There’s a reflectiveness in his tone as we talk about the coverage, media interest and derision. ‘I know my desire to see the best in others makes me a bit naïve. I’m surprised when people are mean or take advantage. That’s still something I deal with often. So, one hard experience broke my back, the other broke my heart.’ It’s obvious there’s more to ask, but he is a little more subdued now, and I don’t want to push it too far.
On to safer ground. Who is Lembit’s business role model? ‘A man called John Hardy – my first boss at soap powder company Procter & Gamble. His combination of principle and focus were frighteningly effective. I still see him from time to time – and he’s done very well in the television industry. He’s got strengths I lack and admire.’ We get talking about where Lembit’s own career is taking him. ‘I’m very happy in broadcasting and public affairs. The BBC Radio Kent folks have a supreme standard of professionalism and I’ve learned so much. The public affairs involves the Motorcycle Action Group which is all about the freedom to ride motorbikes: and I help an international robot company which delivers food and shopping in a robotic box with wheels. It’s called Starship. So there’s a lot going on.’ Was all this planned? ‘Nope. But I knew it was the right pathway for me.’ Any good business tips? ‘Yes, and it’s relevant to what I’ve just said. Know your goal – or in the words of the late, great Stephen R. Covey: begin with the end in mind. Then, even if you don’t do it perfectly, you are doing the right things – far better than doing wrong things well. I realised that my aim was to help people be the best they can be, including myself. Knowing this is better than drifting through life seeking purpose. I don’t always achieve that though, and those closest to me suffer the consequences – I wish I could say I always heeded the advice about remembering my own good advice.’ It’s a curious comment and I ask him to expand. He looks briefly out the window and the breezy day outside, then back at me. ‘I maybe should have got married and had a family around 20 years ago. Of course, that would have led to a different course of events. What held me back was a fear of commitment. It was very hard on my girlfriend and I never blamed her for leaving shortly after that. I drifted out of that relationship because I didn’t have clarity of purpose about it. Looking back, I deserved what I got – or didn’t get, to be precise.’ I sense Lembit’s personal relationships have not turned out as he would have hoped? ‘Yes, that’s fair comment. I could have had grown up children by now. Instead, I have mice… and I’m even trying to get rid of them.’
Does Lembit ever take a holiday from all this worrying? ‘Sort of. I travel a lot with work, and travel is inspirational to me – whether it’s a flight or train journey. Estonia, where my parents come from, is a regular destination. Usually, if I take a holiday, it’s just three days. I almost prefer travelling to arriving. That probably says something about me psychologically, but there it is. If I had to choose one holiday destination it’s Marrakesh, which has not yet become like everywhere else. In Marrakesh you’re truly abroad, not just in another corporate shopping mall.’
Does he miss politics? ‘What I do now is politics without the confrontation. Public affairs and radio are still about big issues – policies, law, society – but without the personal competition which I never really enjoyed.’ Our conversation then takes an unexpected theological turn. ‘What really matters in life is not so much about an earthly legacy, is it?’ A fatalistic thought, I suggest. ‘Why? Death’s inevitable. I’m 51. My brother died at 37. Accepting our own mortality gives perspective.’ I’m prompted to ask if he’s an atheist. ‘No. Without a higher power, the Universe would be random and meaningless. That would be a shame.’ I’m trying to figure out how we got from politics to religion – two traditional taboos in polite conversation, but he’s undeterred. ‘Spirituality gets sidelined, because stuff like X-Factor is louder and less demanding. But we’re back to the fame game again, and I doubt celebrity is a big player in the Afterlife, except perhaps in rare cases like Elvis, and possibly the Pope.’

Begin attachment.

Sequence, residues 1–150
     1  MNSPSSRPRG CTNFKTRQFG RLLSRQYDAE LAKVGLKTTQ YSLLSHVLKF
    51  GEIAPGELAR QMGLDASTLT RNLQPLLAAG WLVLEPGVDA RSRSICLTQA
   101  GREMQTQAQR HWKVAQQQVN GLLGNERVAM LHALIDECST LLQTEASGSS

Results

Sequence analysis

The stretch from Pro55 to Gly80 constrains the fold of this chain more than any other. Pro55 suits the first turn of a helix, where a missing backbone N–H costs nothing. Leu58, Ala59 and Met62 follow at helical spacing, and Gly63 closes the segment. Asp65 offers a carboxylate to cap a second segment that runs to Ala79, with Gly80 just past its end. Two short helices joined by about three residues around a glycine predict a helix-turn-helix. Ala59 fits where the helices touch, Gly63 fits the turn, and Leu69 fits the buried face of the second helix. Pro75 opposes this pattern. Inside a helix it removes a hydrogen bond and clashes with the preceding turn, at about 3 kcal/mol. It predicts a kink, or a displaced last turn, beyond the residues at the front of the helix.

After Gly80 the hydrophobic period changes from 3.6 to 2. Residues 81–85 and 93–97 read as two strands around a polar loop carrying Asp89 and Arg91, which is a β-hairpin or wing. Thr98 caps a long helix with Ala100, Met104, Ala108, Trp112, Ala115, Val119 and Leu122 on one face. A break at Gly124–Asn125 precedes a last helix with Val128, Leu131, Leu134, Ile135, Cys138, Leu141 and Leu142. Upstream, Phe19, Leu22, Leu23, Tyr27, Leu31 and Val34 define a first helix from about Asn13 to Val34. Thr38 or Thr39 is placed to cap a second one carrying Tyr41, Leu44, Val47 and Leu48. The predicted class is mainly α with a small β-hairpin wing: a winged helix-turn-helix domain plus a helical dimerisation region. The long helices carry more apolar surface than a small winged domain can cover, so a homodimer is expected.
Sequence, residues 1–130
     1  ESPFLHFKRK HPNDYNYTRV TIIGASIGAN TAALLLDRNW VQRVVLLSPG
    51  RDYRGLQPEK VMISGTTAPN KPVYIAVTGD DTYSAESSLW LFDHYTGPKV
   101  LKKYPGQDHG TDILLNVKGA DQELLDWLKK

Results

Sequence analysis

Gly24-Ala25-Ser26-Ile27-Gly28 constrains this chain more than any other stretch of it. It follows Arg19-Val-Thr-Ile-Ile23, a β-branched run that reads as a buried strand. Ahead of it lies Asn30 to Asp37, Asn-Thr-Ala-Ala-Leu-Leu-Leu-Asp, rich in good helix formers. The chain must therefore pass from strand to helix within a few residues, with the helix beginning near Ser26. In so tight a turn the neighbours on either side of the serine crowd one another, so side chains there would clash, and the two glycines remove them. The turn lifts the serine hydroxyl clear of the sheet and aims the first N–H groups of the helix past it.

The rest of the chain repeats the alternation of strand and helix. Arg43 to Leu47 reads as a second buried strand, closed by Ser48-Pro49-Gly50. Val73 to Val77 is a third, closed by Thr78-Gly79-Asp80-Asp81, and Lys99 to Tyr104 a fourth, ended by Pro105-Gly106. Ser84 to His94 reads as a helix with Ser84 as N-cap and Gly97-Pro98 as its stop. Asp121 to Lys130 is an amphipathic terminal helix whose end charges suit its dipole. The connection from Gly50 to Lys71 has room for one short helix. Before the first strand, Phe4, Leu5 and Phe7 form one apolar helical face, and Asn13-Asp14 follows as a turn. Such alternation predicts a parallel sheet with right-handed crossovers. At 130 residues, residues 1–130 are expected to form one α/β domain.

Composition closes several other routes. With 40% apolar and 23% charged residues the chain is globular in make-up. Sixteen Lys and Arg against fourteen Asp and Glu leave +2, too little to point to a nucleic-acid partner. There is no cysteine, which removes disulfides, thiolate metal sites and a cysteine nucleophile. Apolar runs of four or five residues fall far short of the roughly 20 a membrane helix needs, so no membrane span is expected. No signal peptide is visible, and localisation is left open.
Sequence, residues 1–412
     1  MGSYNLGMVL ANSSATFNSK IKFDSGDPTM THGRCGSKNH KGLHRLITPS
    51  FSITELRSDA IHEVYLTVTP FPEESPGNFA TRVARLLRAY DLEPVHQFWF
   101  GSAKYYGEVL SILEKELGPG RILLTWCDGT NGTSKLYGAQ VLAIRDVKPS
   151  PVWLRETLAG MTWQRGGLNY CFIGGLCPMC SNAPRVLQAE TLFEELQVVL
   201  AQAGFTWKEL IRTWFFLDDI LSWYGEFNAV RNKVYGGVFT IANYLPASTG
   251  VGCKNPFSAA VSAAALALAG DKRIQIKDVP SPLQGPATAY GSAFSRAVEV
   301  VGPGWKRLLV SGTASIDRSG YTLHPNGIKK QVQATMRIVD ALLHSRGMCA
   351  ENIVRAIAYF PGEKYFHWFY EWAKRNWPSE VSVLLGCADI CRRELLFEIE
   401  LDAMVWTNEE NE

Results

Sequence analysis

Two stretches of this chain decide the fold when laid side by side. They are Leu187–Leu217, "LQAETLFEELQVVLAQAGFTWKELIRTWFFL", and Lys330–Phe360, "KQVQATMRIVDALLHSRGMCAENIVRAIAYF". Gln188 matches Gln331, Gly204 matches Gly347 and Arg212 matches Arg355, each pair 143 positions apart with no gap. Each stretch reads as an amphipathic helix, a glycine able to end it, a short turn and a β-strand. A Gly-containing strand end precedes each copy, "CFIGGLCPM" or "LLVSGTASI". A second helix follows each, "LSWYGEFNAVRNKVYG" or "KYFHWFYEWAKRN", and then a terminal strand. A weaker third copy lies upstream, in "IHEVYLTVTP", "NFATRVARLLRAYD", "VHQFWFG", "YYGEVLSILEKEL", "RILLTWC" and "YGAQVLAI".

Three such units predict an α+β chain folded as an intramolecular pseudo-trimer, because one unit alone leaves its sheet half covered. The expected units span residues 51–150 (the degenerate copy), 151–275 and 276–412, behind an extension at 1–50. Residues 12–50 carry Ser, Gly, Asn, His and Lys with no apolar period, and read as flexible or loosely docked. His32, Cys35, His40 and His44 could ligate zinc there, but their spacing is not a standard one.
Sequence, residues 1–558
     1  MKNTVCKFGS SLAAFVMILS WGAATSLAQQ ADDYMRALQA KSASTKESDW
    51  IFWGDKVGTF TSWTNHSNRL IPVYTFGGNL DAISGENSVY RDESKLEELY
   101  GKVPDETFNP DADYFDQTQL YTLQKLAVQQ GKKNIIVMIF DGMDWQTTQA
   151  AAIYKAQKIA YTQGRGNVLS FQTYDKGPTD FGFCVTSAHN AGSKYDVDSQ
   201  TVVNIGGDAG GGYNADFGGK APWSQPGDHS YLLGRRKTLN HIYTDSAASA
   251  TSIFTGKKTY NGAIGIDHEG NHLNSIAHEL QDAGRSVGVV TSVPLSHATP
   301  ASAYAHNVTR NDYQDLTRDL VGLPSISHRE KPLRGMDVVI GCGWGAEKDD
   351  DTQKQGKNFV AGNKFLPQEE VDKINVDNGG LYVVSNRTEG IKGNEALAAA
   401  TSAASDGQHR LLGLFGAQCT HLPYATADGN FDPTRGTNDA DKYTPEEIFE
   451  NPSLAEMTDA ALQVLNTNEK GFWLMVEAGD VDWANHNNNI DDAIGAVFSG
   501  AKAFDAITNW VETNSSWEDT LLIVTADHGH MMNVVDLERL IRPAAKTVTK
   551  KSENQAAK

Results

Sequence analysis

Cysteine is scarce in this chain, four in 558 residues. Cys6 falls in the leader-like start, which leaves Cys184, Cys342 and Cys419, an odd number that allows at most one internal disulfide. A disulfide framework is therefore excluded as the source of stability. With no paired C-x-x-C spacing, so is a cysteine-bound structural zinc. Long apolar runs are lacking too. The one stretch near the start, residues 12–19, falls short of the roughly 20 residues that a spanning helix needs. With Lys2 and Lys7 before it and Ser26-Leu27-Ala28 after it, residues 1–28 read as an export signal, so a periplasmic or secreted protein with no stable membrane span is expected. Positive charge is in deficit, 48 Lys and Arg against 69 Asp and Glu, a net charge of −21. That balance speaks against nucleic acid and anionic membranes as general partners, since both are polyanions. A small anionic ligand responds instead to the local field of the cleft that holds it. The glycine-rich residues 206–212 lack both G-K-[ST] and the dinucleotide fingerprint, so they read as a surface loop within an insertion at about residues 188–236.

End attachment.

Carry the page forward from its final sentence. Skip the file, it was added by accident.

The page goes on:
We’ve talked for a long time. The recurring themes hint at someone who smiles on the outside and worries on the inside, who aims for the best but privately conjures with worst case scenarios. Lembit is demonstrably successful in so many fields – only some of which we’ve even discussed (what about the wrestling, the stand-up comedy, I’m a Celebrity Get Me Out Of Here and Have I Got News for You?). But there’s also something deeper and less defined. What three words would Lembit use to describe himself? He clearly takes my invitation seriously. ‘The long version is that probably because of my refugee roots there’s a subconscious foreboding I don’t seem able to overcome.’ And the short version? ‘How about: sympathetic, self-critical, searching.’ He looks at me for approval. I tell him his words sound like a fair assessment: as if to prove the point, he says.
‘honestly, there’s a lot to criticise about me. I can give you a few expert witnesses on that.’
Contrary to some reports – so don’t Google him – Lembit Öpik is funny, curiously honest about himself and deeply connected with the human condition – in a way you sense without him spelling it out. I suspect that he’s also someone who finds it easier to explore ideas, entertain crowds and secure solace for others than he is it at finding it for himself. Maybe that’s the price he feels he must pay for a life less ordinary – and more intense – than most.